Optical luminescence dating laboratory

The method can be applied to several types of sediments (loess, sand dune or coastal, rhythmites, ...) and the period covered potentially extends the current to at least 300,000 years.

In addition, the dating of pottery and prehistoric rocks heated in homes is the essence of the first efforts in thermoluminescence dating.

The optimum peak wavelength giving the best clarity of non-dark adapted vision for the least trapped charge loss lies within the wavelength range 590–630 nm; we argue that it is unnecessary to consider dark-adapted vision.

The predicted relative decay rates of quartz optically stimulated luminescence (OSL) and feldspar infrared stimulated luminescence (IRSL) signals by an incandescent light bulb and a compact fluorescent lamp (CFL) through an ILFORD 902 filter are first derived.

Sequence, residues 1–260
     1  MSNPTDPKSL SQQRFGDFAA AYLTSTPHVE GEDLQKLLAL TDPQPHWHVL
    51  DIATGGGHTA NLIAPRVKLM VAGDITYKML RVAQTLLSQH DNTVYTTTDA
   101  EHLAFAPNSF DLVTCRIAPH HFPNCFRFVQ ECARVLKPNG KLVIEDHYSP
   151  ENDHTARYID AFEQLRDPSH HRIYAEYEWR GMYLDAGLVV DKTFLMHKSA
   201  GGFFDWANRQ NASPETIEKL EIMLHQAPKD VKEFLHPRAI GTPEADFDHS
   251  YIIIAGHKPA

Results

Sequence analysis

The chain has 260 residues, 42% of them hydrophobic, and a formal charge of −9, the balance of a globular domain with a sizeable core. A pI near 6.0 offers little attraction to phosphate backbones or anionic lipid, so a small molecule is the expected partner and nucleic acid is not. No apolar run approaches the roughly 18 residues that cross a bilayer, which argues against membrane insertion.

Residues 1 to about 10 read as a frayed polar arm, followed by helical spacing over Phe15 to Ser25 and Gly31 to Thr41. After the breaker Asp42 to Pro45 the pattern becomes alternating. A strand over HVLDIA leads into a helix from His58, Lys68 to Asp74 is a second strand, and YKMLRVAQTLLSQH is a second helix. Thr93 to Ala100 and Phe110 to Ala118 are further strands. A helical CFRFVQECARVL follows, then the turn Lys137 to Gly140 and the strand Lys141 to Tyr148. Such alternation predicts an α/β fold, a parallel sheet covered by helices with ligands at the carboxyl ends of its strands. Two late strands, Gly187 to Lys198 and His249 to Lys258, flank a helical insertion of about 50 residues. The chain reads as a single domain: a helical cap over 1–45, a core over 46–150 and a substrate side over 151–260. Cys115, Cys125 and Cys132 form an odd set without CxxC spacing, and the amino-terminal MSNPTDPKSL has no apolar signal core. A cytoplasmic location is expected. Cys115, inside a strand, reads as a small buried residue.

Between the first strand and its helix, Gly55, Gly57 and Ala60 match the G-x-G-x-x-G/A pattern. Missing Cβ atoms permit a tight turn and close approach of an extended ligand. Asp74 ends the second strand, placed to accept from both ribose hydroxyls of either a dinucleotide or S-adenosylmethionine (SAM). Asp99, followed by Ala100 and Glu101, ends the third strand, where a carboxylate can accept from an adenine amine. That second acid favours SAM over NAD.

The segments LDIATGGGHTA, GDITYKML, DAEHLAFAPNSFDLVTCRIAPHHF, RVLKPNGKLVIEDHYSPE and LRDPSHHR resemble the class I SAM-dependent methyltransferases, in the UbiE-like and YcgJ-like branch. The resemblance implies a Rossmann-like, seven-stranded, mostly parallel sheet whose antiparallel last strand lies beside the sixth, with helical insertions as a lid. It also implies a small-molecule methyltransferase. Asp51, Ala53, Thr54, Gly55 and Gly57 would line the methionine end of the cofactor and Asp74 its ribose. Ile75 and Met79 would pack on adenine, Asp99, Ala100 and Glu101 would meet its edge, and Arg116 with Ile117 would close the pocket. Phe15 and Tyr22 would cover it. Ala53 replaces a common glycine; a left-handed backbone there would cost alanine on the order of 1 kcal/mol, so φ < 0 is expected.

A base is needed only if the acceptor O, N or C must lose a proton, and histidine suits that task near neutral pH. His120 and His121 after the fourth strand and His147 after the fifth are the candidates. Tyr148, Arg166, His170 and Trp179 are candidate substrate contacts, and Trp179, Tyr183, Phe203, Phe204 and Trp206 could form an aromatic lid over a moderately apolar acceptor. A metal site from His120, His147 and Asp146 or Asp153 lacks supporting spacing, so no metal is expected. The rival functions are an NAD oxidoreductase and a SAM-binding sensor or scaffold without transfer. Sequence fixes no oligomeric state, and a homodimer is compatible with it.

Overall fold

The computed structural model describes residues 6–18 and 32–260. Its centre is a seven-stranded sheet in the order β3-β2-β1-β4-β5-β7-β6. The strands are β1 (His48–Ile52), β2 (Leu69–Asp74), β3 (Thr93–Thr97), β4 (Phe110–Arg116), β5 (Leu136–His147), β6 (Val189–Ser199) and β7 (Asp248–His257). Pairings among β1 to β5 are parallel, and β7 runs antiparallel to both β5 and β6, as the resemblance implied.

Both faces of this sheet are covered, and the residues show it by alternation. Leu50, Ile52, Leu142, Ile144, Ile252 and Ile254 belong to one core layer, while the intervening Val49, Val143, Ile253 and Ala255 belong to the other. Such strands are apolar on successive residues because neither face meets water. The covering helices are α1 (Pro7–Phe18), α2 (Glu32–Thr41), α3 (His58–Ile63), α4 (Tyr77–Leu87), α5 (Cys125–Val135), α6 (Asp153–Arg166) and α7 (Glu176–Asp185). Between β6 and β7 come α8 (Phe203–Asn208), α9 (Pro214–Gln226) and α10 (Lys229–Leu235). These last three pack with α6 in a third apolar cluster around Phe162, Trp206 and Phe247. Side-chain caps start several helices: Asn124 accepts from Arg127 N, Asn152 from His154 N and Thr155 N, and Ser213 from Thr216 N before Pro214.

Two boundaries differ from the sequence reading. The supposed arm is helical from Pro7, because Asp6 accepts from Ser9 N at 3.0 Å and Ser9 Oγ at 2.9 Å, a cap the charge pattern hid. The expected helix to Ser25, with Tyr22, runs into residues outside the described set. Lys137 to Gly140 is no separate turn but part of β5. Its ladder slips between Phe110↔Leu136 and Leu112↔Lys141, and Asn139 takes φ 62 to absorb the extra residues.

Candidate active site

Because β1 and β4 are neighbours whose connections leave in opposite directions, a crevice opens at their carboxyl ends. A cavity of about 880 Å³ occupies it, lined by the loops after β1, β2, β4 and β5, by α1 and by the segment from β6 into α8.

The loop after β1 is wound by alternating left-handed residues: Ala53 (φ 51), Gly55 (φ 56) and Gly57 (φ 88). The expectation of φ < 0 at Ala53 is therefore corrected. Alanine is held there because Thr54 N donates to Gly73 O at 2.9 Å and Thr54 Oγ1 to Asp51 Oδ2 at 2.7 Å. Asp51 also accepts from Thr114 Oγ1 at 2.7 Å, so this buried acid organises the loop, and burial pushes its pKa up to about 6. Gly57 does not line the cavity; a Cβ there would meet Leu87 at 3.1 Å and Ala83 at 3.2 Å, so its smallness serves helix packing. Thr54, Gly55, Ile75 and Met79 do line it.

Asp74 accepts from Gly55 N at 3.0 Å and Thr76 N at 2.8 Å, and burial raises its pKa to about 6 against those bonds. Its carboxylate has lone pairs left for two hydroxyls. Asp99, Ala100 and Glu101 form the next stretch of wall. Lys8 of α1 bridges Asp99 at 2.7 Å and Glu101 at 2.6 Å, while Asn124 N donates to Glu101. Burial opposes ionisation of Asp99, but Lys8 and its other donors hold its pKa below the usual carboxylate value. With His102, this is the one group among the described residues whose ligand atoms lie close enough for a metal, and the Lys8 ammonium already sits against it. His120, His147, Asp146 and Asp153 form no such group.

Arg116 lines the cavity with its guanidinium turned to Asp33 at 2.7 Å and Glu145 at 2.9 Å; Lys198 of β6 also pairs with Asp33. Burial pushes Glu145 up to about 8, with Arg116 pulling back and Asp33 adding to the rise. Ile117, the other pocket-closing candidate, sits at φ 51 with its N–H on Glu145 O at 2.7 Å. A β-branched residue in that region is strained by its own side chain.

At a number of sites in Chile it has been possible to confirm the validity of these OSL ages by comparison with cosmogenic radionuclide measurements on boulders associated with moraines.

When an electron recombines with a luminescence center L, a photon is emitted.Trapping: Upon exposure to nuclear radiation, some bound electrons of the atoms making up a mineral's lattice are detached from their parent nuclei and become freely mobile: they are said to enter the conduction band.Structural defects in the lattice (vacancies, interstitial atoms, and substitutional impurities) create localized charge deficits, which act as traps T for the conduction electrons.As part of the development of new laboratory lighting, we present a methodological approach applicable to the characterization of any light source intended for illumination in optical dating laboratories.We derive optical absorption cross-sections for quartz and feldspar from published data and compare these with the human eye response.

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